An Elected Sacrifice in COVID-19's Wake

By Michael Barbella, Managing Editor | 03.26.20

Patients with scheduled orthopedic surgeries are cancelling procedures to help stem the further spread of the virus.

With hospitals in U.S. epicenters past (or quickly reaching) their tipping points, American health officials have called for a moratorium on all elective surgeries amid the COVID-19 pandemic. The suspension aims to free up hospital beds, prevent disease transmission, and conserve the nation’s meager supply of personal protective equipment (face masks, gowns, gloves).
The highly contagious SARS-CoV-2 virus has infected 239,279 Americans and killed 5,443 people, according to the latest Centers for Disease Control and Prevention statistics (April 2). Cases have been reported in all 50 states, the District of Columbia, Puerto Rico, Guam, and the U.S. Virgin Islands; in New York, the number of cases is doubling every three days.  
“Each hospital, health system, and surgeon should thoughtfully review all scheduled elective procedures with a plan to minimize, postpone, or cancel electively scheduled operations, endoscopies, or other invasive procedures until we have passed the predicted inflection point in the exposure graph and can be confident that our health care infrastructure can support a potentially rapid and overwhelming uptick in critical patient care needs,” the American College of Surgery recommended on March 13. U.S. Surgeon General Jerome Adams quickly supported the group’s suggestion, sending a tweet on March 14 that read, “Hospital & healthcare systems, PLEASE CONSIDER STOPPING ELECTIVE PROCEDURES until we can #FlattenTheCurve!”
Almost immediately, doctors reported an uptick in elective procedure cancellations or deferrals. Interventional cardiologists were most impacted, followed by orthopedic surgeons (23 percent reported cancellations or postponements) and anesthesiologists.
Claudette Lajam, M.D., FAAOS, an adult reconstructive surgeon at New York University Langone Orthopedics, spoke with ODT about the American College of Surgery recommendations and the impact of cancelled/postponed procedures on the orthopedic industry.

Michael Barbella: The American College of Surgeons has urged hospitals to postpone elective surgeries like joint replacements, and the number of cancelled procedures is growing. How will this impact orthopedic surgeons, and the orthopedic industry?
Dr. Claudette Lajam: Obviously, there will be a short-term impact on our patients and on our profession. Orthopedics is disproportionately affected over many other surgical fields. However, orthopedic surgeons are among the most dedicated and hard-working people in any profession. Once this crisis is over, we will return to work, likely adding surgical days and extending our hours, so that we can ensure all of our patients receive their orthopedic care. Right now, what’s important is that we band together to defeat this pandemic.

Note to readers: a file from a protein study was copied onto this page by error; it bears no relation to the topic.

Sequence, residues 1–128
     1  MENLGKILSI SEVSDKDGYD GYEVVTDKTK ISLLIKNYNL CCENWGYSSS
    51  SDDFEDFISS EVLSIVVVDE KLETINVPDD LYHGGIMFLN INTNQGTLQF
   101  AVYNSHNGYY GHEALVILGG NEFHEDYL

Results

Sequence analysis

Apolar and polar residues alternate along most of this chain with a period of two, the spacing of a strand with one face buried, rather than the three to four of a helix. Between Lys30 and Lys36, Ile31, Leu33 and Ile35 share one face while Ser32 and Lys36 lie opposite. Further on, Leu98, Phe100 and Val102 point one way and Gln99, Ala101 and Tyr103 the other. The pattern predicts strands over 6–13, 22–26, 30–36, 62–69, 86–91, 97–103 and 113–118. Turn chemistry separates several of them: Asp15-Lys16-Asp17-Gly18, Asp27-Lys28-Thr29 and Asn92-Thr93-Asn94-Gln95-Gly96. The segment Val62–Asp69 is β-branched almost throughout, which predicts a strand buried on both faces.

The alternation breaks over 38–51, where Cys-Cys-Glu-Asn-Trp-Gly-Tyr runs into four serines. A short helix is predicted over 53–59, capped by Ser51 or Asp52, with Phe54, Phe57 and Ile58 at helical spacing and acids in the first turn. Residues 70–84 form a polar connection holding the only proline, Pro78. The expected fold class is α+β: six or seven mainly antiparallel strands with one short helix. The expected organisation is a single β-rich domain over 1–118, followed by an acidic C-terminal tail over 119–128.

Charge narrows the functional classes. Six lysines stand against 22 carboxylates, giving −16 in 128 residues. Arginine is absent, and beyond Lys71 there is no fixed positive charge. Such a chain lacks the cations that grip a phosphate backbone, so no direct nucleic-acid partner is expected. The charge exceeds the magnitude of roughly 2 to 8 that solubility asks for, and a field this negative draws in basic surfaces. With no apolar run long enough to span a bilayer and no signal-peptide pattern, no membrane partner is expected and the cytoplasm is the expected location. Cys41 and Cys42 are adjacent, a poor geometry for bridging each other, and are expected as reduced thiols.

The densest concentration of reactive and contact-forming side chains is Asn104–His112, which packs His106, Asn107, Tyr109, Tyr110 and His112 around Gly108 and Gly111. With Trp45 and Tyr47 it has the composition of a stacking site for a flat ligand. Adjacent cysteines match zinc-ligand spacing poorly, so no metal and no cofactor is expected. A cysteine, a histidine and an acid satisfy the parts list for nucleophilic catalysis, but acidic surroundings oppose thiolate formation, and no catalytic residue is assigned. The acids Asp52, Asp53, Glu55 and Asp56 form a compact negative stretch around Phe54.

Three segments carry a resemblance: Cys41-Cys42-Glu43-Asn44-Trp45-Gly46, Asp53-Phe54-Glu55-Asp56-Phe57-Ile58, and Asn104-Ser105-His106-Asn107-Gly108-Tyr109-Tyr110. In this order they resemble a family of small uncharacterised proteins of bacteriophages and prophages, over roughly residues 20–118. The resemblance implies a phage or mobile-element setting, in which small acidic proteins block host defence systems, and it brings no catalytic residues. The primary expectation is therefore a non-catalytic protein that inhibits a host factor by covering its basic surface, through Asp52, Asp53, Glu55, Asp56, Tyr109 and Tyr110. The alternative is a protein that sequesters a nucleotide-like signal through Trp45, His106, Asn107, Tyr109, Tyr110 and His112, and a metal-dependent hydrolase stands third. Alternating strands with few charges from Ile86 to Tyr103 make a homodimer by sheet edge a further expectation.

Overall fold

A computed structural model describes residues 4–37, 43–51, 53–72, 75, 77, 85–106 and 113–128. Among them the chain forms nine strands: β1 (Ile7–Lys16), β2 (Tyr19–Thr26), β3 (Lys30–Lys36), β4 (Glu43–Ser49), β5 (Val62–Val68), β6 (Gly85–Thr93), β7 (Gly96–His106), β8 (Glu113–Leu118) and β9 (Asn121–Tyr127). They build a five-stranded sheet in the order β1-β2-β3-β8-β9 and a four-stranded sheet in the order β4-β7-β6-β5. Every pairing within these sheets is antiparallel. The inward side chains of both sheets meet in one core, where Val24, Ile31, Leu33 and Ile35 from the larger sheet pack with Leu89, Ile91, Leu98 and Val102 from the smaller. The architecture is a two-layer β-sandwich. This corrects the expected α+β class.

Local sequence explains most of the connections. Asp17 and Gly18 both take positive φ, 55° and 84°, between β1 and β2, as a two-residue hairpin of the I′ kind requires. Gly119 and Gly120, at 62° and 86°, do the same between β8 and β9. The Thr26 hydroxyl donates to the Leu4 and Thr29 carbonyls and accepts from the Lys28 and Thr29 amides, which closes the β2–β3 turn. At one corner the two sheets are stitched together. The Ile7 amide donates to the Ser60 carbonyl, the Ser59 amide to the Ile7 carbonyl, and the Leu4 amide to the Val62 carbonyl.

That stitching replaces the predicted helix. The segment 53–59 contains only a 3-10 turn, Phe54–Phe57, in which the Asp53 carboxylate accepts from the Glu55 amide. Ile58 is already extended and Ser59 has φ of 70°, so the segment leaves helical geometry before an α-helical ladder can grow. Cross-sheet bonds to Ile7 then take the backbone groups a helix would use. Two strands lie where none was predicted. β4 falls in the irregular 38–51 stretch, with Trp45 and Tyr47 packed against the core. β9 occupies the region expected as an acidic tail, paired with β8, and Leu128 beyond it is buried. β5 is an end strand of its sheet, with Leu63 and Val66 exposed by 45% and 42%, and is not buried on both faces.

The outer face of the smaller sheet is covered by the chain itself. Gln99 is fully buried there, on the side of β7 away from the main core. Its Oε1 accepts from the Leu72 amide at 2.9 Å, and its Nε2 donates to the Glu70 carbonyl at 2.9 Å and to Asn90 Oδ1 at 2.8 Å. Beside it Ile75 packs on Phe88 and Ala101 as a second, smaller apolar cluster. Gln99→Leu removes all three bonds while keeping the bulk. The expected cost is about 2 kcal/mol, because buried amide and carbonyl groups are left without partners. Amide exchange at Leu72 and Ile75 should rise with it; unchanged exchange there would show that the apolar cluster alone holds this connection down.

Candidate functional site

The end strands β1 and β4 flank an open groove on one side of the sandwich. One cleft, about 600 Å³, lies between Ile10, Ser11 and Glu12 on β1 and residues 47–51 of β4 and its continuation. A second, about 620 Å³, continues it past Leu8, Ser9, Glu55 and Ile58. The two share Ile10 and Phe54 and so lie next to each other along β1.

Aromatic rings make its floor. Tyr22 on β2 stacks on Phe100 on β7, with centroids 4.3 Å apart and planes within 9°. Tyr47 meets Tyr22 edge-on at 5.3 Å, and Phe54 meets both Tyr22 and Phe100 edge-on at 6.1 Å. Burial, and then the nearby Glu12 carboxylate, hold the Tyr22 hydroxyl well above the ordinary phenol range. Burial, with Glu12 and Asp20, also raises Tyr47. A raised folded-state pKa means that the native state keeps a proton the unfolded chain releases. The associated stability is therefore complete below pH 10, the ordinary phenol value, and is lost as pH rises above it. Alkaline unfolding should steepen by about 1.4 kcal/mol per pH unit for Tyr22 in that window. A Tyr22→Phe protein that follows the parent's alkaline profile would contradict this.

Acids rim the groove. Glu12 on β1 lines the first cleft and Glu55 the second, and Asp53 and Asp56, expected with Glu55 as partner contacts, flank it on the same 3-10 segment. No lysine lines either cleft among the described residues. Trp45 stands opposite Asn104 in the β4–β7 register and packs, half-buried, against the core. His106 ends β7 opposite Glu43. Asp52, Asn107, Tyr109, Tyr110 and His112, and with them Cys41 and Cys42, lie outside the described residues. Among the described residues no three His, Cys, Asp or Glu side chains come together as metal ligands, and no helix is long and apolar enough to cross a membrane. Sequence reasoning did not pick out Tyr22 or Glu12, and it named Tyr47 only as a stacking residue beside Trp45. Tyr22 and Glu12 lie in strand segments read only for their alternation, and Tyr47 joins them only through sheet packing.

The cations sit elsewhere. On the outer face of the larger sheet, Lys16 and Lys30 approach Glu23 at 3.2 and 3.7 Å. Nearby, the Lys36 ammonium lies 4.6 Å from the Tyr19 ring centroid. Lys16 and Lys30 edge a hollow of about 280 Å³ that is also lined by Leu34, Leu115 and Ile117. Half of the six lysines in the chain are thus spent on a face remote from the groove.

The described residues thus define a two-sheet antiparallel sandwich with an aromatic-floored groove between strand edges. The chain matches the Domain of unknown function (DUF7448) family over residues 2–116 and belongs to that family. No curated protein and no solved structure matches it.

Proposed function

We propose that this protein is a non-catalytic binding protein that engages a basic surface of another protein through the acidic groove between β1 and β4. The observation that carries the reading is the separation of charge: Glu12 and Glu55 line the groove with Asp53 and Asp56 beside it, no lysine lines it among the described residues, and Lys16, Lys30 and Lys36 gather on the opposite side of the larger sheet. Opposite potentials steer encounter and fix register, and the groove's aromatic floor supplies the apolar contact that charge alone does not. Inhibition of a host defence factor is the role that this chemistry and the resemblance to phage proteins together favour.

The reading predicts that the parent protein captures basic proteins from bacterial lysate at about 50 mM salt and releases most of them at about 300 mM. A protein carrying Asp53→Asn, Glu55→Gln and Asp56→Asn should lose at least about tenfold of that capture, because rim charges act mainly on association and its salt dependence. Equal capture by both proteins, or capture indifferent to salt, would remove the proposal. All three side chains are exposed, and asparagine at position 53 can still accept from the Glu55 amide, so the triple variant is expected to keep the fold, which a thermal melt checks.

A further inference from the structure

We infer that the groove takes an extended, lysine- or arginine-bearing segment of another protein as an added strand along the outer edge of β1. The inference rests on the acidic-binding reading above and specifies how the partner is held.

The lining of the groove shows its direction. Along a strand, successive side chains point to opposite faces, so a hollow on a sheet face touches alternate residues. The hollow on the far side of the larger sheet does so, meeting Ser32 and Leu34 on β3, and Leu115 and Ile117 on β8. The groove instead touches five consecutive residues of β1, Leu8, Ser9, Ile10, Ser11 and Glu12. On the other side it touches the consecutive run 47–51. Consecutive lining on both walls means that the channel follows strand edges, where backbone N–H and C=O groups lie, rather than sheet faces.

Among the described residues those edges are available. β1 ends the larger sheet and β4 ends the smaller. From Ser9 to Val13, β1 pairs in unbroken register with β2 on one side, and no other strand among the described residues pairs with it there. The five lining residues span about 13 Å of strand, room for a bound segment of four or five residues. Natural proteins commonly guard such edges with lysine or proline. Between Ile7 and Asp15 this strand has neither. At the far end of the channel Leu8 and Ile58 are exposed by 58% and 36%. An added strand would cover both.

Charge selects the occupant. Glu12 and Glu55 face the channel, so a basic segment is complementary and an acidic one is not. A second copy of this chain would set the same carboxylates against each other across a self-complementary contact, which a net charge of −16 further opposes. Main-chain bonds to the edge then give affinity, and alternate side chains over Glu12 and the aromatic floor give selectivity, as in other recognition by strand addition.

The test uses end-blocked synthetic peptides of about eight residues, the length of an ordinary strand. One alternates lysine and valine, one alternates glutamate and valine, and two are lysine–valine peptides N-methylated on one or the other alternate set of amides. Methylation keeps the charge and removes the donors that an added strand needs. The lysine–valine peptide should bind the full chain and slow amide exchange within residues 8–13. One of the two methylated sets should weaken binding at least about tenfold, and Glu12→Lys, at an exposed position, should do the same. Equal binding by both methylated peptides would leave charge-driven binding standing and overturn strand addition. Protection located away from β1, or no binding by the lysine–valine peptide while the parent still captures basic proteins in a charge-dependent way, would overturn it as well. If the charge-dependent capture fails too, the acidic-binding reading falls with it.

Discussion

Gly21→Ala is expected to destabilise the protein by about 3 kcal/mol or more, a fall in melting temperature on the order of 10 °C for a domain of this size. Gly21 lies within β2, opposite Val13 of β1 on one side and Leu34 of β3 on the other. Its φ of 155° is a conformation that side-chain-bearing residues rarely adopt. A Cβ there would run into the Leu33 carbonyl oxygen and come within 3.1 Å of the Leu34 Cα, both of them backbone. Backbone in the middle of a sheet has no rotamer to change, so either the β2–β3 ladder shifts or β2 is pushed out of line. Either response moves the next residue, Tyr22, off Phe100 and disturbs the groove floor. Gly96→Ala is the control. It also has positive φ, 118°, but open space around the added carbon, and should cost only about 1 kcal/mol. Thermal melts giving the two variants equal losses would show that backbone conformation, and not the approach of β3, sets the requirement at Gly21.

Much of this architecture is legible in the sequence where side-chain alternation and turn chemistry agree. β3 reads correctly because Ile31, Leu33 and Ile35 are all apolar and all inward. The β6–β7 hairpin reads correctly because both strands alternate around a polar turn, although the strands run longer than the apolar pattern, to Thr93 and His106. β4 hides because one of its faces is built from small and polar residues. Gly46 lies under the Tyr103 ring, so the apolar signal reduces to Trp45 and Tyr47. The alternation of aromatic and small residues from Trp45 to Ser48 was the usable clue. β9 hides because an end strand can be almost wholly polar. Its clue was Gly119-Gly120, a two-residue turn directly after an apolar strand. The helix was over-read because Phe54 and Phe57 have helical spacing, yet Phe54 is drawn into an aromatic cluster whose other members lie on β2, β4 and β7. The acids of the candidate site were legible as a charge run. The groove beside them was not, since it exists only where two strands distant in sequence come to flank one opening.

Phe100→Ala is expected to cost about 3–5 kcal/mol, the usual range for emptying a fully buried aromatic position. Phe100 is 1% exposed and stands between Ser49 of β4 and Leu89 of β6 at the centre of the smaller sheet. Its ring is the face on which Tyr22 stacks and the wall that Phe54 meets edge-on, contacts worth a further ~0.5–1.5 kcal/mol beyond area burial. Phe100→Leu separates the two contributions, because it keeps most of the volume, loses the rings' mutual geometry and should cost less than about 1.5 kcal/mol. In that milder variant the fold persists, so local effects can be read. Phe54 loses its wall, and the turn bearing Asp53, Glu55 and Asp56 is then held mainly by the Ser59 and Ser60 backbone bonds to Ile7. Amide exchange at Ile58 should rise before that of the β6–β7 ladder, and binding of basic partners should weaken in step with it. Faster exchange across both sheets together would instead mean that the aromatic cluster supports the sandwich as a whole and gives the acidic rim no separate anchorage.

Barbella: How widespread is this issue right now—are lots of patients cancelling joint replacement procedures? Do you expect it to worsen along with the pandemic?
Lajam: There are many centers across the country that have elective surgeries canceled. From speaking with my colleagues, many of our patients are canceling their own elective procedures. We hope that having people stay at home for non-urgent matters will help with controlling the spread of the Wuhan/COVID virus.

Barbella: How confident are orthopedic surgeons that patients will reschedule their procedures once the COVID-19 crisis passes? Might fears linger even after life returns to normal? Is there more/less of a chance of patients rescheduling the longer the pandemic lasts?
Lajam: Right now, we cannot predict what will happen in coming weeks to months. Most people who schedule total joint replacement have severe disease that has not responded to nonsurgical management, so we expect that most, if not all, of them will reschedule surgery once this crisis passes. I know many of my patients are rescheduling already, and asking my office to “hold the dates” for them.

One would hope that our media will help reduce fears once the crisis is over, so that people with severe musculoskeletal issues can have their problems treated appropriately and promptly.

Barbella: How are orthopedic surgeons addressing this issue with patients? Has any guidance been issued by AAOS or any other organization?
Lajam: Each surgeon is handling this differently. However, I know that many of us are counseling our patients about the need to conserve resources and also to ensure we do not contribute to the spread of the virus. AAOS and our specialty societies are working hard to ensure surgeons have resources to be able to answer our patients’ questions.

Barbella: Are there cases/instances where a joint replacement, spinal procedure, etc., is not considered an elective procedure? Please explain.
Lajam: Certain procedures are considered more urgent than others. Infections, fractures, progressive neurologic problems, problems with prior surgery that require revisions, and certain disease states may indicate that surgery could be considered non-elective, since leaving these conditions for several weeks or months may cause additional problems. Each patient is unique so it is difficult to make a blanket statement.